Each experience can teach you something about yourself that will help make you stronger, healthier, and happier.
Create an energy deficit by tracking portions, not calories
Dr. Bob Posner, a physician specializing in weight loss and emotional eating, advises taking the approach of tracking portions of food groups, rather than calories.
"This is much easier, simplistic, and successful," he said. "No need to obsess about calorie counting!"
For example, you might aim to consume 3-4 servings of protein a day, three small portions of fats, and two portions each of carbs and fruit.
"Vegetables are pretty much eat all you want," Dr. Posner told Insider.
A similar approach recommended by Syatt is what he calls the "three plates, two snacks" rule, which essentially means eating three meals, each of which can fit on one plate, and two snacks, each of which can fit in the palm of your hand, every day.
Three plates and two snacks is just an example — you might prefer two meals and four snacks, or four meals and one snack, but there's a way to make it work for you.
"Ideally each meal will have a protein and some veggies as well," Syatt said, acknowledging that vegetables at breakfast is trickier.
"If you want to get more strict, you could make sure your snack's a protein or fruit," he said.
"But when just starting out, especially if someone has a lot of weight to lose, just make sure that the snack fits in the palm of your hand.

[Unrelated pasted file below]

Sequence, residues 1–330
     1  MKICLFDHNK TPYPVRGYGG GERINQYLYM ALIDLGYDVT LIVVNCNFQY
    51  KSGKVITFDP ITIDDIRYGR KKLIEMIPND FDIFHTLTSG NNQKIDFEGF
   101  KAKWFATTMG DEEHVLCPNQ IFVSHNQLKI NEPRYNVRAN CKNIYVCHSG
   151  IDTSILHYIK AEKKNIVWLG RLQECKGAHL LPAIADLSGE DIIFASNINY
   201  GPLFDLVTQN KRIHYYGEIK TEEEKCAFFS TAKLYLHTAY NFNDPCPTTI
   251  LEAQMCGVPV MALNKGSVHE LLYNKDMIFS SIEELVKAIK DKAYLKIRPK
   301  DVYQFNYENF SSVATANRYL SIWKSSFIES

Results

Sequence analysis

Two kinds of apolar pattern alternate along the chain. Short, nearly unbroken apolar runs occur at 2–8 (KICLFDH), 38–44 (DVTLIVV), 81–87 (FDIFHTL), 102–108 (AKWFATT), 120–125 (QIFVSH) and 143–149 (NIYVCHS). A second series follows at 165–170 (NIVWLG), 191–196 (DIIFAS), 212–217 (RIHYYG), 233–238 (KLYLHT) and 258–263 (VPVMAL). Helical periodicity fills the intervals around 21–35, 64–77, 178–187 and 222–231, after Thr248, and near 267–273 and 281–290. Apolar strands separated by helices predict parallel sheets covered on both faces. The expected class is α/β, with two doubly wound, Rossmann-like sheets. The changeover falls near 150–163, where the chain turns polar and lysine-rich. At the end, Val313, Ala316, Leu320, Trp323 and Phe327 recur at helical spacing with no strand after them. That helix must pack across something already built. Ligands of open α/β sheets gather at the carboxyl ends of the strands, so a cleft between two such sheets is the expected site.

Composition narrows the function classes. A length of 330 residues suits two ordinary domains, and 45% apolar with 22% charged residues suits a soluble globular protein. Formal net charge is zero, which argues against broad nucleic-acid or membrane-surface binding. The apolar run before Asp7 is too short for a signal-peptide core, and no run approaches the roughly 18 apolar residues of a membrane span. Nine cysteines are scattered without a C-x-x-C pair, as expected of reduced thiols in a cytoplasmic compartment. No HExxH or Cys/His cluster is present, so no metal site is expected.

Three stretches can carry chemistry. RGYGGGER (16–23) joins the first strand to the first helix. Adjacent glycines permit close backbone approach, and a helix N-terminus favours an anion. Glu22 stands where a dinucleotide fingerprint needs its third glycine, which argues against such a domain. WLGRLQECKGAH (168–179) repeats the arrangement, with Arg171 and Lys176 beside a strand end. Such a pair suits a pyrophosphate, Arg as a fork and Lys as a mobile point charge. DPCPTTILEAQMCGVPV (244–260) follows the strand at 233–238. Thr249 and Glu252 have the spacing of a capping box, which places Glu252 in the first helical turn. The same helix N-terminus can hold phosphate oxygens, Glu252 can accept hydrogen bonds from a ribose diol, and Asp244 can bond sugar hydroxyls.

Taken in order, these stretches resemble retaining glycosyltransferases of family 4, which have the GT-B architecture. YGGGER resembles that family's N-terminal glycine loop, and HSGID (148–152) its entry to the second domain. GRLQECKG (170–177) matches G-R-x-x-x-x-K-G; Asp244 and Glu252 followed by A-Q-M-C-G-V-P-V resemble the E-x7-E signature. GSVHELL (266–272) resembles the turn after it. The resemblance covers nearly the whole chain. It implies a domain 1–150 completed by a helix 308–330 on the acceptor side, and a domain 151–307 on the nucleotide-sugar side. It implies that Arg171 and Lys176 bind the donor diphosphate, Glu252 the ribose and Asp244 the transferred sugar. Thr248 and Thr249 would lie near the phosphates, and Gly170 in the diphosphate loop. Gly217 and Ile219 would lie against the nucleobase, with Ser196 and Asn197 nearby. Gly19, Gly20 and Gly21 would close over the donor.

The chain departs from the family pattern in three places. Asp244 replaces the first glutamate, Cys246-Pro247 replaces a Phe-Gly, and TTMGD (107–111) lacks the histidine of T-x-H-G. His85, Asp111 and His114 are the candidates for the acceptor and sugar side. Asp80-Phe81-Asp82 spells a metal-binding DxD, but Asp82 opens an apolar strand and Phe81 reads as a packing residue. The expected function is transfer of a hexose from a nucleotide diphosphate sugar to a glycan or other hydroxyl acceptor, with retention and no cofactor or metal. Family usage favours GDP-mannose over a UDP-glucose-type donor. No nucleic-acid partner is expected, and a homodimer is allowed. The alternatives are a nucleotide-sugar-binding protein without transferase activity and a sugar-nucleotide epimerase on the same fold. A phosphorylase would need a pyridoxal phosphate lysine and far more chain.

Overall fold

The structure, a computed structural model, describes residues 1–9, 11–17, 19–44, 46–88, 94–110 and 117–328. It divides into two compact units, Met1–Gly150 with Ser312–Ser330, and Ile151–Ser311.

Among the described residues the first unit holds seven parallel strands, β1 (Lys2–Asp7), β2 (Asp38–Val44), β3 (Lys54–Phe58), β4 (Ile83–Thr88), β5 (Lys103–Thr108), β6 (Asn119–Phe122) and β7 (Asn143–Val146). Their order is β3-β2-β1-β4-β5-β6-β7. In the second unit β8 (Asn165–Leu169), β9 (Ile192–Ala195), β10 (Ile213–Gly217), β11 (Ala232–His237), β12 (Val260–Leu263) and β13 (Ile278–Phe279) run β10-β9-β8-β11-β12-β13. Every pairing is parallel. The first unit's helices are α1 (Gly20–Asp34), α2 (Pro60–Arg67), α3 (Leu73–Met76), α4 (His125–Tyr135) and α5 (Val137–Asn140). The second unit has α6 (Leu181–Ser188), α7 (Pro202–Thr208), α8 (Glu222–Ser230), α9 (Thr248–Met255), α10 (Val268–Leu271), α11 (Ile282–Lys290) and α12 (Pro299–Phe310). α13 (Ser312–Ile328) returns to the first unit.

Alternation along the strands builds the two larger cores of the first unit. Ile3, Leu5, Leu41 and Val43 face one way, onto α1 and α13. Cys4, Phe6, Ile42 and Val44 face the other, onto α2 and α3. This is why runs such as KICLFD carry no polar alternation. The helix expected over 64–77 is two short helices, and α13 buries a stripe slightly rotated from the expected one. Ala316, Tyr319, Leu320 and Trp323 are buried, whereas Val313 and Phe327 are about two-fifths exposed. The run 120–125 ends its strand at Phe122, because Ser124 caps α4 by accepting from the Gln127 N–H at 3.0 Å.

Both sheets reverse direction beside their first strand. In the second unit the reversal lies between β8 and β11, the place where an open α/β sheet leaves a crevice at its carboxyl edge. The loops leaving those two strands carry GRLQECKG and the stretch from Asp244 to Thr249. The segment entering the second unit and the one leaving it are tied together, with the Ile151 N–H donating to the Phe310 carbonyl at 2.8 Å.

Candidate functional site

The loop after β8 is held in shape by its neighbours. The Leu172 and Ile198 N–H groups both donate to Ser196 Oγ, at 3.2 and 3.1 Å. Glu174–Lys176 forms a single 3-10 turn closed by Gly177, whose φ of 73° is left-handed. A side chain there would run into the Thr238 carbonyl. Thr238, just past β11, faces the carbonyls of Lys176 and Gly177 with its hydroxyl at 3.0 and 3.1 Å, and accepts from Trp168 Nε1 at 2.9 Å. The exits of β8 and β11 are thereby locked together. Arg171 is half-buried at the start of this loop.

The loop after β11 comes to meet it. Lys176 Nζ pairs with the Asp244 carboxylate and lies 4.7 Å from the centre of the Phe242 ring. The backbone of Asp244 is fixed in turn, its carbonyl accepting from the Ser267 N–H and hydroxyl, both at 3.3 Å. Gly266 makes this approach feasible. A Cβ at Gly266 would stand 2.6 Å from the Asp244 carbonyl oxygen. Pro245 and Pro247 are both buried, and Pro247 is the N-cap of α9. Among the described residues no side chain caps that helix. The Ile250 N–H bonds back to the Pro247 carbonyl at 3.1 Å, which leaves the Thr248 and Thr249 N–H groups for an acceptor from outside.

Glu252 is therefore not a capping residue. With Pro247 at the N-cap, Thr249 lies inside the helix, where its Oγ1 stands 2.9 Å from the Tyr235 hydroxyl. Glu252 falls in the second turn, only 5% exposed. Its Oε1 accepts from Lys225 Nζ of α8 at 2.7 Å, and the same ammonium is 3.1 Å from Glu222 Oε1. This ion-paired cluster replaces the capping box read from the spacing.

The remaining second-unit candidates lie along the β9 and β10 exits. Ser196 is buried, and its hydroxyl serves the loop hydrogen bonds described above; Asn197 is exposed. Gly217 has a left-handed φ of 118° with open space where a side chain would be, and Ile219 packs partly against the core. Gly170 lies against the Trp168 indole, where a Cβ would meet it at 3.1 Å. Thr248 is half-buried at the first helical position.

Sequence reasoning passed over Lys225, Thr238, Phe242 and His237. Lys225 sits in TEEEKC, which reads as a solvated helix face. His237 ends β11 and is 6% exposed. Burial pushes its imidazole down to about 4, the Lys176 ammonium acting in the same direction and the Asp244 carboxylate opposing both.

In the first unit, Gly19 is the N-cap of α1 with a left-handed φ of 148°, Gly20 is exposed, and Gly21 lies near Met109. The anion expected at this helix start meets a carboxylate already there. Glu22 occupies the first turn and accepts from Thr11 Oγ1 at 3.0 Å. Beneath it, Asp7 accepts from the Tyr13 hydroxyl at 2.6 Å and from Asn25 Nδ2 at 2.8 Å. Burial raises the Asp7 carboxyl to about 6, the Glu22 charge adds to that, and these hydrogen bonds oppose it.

"Even if the snack turns out to be five chocolates, cool, no problem. You get something sweet and you're not overly restricting yourself."
Make simple food swaps
Another approach you can take is to make food swaps that cut calories without you having to count them.
Mack calls this "low hanging fruit."
"If you drink full sugary drinks, can you swap them for zero sugar?" she asked.
"If you go for a coffee in the morning, do you go full of sugar syrup, full fat milk, and cream? If so, can you swap for sugar-free syrups, skimmed milk, and no cream?"
Choosing nourishing foods will help you stay fuller longer too, according to Dr. Posner.
100 calories of lean protein such as chicken or eggs, for example, will be much more helpful in your weight loss efforts than, say, 100 calories of beer.
"The big 'X' factor for weight control is metabolism rates and certain foods tend to be more favorable in their metabolic effects than others," he said.
Don't forget your overall health
Make sure you're getting enough good quality sleep, managing your stress levels, and keeping active in ways you enjoy.
"Both sleep and stress levels are usually overlooked but are important for ensuring optimal functioning of your body and hormones," Mack said.
And I don't know about you, but whenever I have a bad's night sleep I spend the whole next day wanting to dive headfirst into a pack of cookies.
"It's a marathon, not a sprint," Mack said. "Most people fall into the trap of expecting results almost overnight, and this could set you up to fail, but if you appreciate the journey, that goal which seems a long way off? It becomes less and less tiresome."
Wishing you well,
As a senior
Rachel has a wealth of experience covering fitness, nutrition, and wellness, and she has the hottest experts at her fingertips. She regularly speaks to some of the world's most knowledgeable and renowned personal trainers, dietitians, and coaches, ensuring she's always up to date with the latest science-backed facts you need to know to live your happiest and healthiest life.
Read more Working It Out: